English historian Bede's Historia ecclesiastica gentis Anglorum ("Ecclesiastic History of the English People") contains a letter from Pope Gregory I to Saint Mellitus, who was then on his way to England to conduct missionary work among the heathen Anglo-Saxons. The Pope suggests that converting heathens is easier if they are allowed to retain the outward forms of their traditional pagan practices and traditions, while recasting those traditions spiritually towards the one true God instead of to their pagan gods (whom the Pope refers to as "devils"), "to the end that, whilst some gratifications are outwardly permitted them, they may the more easily consent to the inward consolations of the grace of God".  The Pope sanctions such conversion tactics as Biblically acceptable, pointing out that God did much the same thing with the ancient Israelites and their pagan sacrifices.
meh · 16 years, 2 months ago
First off, I'm one of those "two or more" people.
We'll start with the (arguably) obvious one - Christmas. I'd say that, in a way, I overall celebrate it secularly, but it's not really a commercialized secular thing... I'll try to explain, since everyone's getting all discussion-y.
Raised Methodist (if anyone thinks that makes a difference), although for a lot of my childhood we (possibly because I hated sitting still, and didn't really like being made to dress up, which is odd because now even though I don't have to I retain the mentality that I must dress up if I'm going to church for any reason) were often "holiday people" rather than "every Sunday" people. I'm not... Religion is a sort of sticky subject for me, because I'm not entirely sure that I should call myself a Christian - at least not in most people's sense of the term - but I'm not sure I really fit any other label you might want to slap on me, either. I suppose I feel about religious labels the way some folk feel about labels dealing with sexuality. (And putting those two ideas in the same sentence is probably opening me up for trouble, sorry.)
In any case, for me, most of celebrating Christmas is about celebrating the spirit of giving/brotherhood/etc. A lot of it is about remembering the pure joy and wonder that Christmas held for me as a child, and about a chance to reconnect with family that I can always count on. ("There will always be a Christmas," as my Mother vowed when I was small, just as my Grandmother had once vowed to her.)
But at the same time... Although I'm often unsure how much I strictly-speaking believe... As many years as not, I go to a Christmas or Christmas Eve service (sometimes Methodist, sometimes not) somewhere. And while at one point it was in the spirit of being nice to my mother that I went, now when I go, I find that I do focus on what sermon is being offered. I reflect on what the holiday means to me. What the story means. In a way, it lets me reconnect with all the parts of Christianity that I can love, and respect, and enjoy. The Christmas service - the whole holiday - seems (for me) to strip away the parts that frustrate me, and most of the parts make it hard for me to follow the same path as the flock, as it were.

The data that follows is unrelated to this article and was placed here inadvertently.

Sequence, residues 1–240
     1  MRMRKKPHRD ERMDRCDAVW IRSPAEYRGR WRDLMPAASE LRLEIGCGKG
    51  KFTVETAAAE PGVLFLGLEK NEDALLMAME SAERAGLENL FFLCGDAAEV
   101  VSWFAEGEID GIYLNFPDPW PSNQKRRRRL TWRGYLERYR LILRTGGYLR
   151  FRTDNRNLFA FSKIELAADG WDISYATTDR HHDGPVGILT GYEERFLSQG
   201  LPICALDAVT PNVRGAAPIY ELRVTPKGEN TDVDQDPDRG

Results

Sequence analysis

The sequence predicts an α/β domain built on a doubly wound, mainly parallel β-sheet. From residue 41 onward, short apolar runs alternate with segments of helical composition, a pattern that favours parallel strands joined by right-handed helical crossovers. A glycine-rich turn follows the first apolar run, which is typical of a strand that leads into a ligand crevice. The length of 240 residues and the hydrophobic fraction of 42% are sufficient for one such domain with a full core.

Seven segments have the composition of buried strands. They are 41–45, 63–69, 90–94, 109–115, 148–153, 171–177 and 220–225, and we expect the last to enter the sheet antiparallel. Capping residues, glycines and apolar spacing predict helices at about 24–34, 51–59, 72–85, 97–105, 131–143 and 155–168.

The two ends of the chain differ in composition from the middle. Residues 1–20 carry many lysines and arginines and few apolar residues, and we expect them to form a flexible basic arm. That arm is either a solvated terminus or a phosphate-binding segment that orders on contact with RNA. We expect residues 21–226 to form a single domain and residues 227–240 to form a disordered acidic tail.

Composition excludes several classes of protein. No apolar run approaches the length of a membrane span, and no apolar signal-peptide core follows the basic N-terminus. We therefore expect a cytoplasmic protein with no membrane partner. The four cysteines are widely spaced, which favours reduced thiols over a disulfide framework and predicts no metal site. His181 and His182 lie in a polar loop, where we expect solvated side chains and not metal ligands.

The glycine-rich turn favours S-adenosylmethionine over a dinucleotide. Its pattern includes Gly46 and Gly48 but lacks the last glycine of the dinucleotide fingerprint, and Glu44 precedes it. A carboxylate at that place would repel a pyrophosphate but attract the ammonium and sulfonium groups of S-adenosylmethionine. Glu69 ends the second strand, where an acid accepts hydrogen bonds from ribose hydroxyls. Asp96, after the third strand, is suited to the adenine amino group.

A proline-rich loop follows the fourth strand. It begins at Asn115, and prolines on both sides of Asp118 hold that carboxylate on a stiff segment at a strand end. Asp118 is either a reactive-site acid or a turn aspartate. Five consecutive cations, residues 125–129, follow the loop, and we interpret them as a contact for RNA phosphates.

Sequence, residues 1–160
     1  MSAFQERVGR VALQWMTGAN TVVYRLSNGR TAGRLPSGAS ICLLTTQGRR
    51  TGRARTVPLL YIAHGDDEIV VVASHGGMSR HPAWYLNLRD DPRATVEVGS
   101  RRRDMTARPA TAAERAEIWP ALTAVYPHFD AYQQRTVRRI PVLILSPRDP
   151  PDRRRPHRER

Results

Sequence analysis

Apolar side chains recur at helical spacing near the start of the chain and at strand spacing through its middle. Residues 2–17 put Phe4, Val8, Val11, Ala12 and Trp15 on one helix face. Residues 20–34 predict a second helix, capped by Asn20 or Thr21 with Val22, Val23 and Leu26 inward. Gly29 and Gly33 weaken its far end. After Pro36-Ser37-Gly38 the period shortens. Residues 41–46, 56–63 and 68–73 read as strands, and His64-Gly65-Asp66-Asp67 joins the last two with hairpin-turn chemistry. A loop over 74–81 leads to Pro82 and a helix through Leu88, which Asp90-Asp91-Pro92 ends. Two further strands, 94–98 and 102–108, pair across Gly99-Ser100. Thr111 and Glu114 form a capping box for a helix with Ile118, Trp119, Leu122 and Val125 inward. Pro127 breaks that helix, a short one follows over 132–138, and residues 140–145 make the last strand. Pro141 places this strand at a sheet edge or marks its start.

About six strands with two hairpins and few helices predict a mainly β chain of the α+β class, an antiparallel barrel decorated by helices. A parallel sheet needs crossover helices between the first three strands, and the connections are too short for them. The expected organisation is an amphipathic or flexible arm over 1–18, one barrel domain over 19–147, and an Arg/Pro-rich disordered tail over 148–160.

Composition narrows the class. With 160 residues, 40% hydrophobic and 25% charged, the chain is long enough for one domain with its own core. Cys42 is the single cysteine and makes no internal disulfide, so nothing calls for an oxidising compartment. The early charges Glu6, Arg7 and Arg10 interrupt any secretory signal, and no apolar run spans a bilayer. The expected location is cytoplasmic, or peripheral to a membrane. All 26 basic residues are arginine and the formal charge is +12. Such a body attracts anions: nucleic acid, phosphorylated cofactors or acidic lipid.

Er, but I'm getting off topic. Along with that, it gives me time to reflect on what parts of my own (confusing as they are - especially to try to explain) beliefs come directly from my upbringing in the church. And I take the time to go beyond that, and to reflect and respect how deep the meaning of the holiday runs for those who have the kind of rooting in the Church that I don't have.
(And I keep collecting holiday dates - this year I'm celebrating on Orthodox Christmas too. Long story.)
As for the second (or more!) - Solstice. Although I'm not sure I'd say I "celebrate" it, more that I "observe" it. For some reason it's Solstice that, on a personal, symbolic level, resonates. I don't usually pay attention such that I really do anything other than say "Oh yeah" to Summer Solstice or either Equinox. But I mark the Winter Solstice. When I can manage it (I usually manage to be nastily sick on at least one winter holiday - one year they didn't even wake me up on Christmas), I'm up before sunrise for Solstice, and I greet the sun with flame - nothing like a proper bonfire, but a candle. If it's not so cold I can't breathe outside, I take the time for a meditative smoke facing the rising sun, I think about the symbolism - both what I know of different Solstice traditions in various cultures and the symbolism I've come to ascribe to it myself. And if it's at all possible, at some point on Winter Solstice, I include salmon in a meal. (It's the fish of knowledge, you know.) Failing that, the source of Salmon's mythological knowledge - hazelnuts!
"As for the second (or more!) - Solstice. Although I'm not sure I'd say I "celebrate" it, more that I "observe" it. For some reason it's Solstice that, on a personal, symbolic level, resonates."
See, I can definitely see that, because there is something.... "magical" about it... for lack of a better term. Something concrete and real that is a neat phenomenon.
I might be an atheist by belief but I'm still Jewish and part of me is feeling guilty for not voting for Chanukkah. I feel bad that it only has 2 votes. For my mother's sake I'm going to light the menorah this year, I might even say the blessings (I'd say baruches but that looks like a terrible transliterations). I'm a good enough Jew to feel guilty about being a bad Jew.
Paul · 16 years, 2 months ago
I thought the catholic religion owned the intellectual property rights to guilt? (apologies to those of the catholic faith-I am just kidding-well sort of.)
Jesus was a great defender of the less fortunate and I think he would object to the materialistic and power hungry church that has grown using him as its symbol. The catholic church on the whole tries to do good but in the end ultimately sells out to preserve itself. It sacrifices the well being of those less fortunate to preserve its wealth and survival, otherwise they would not close parishes in poor communities that lose money.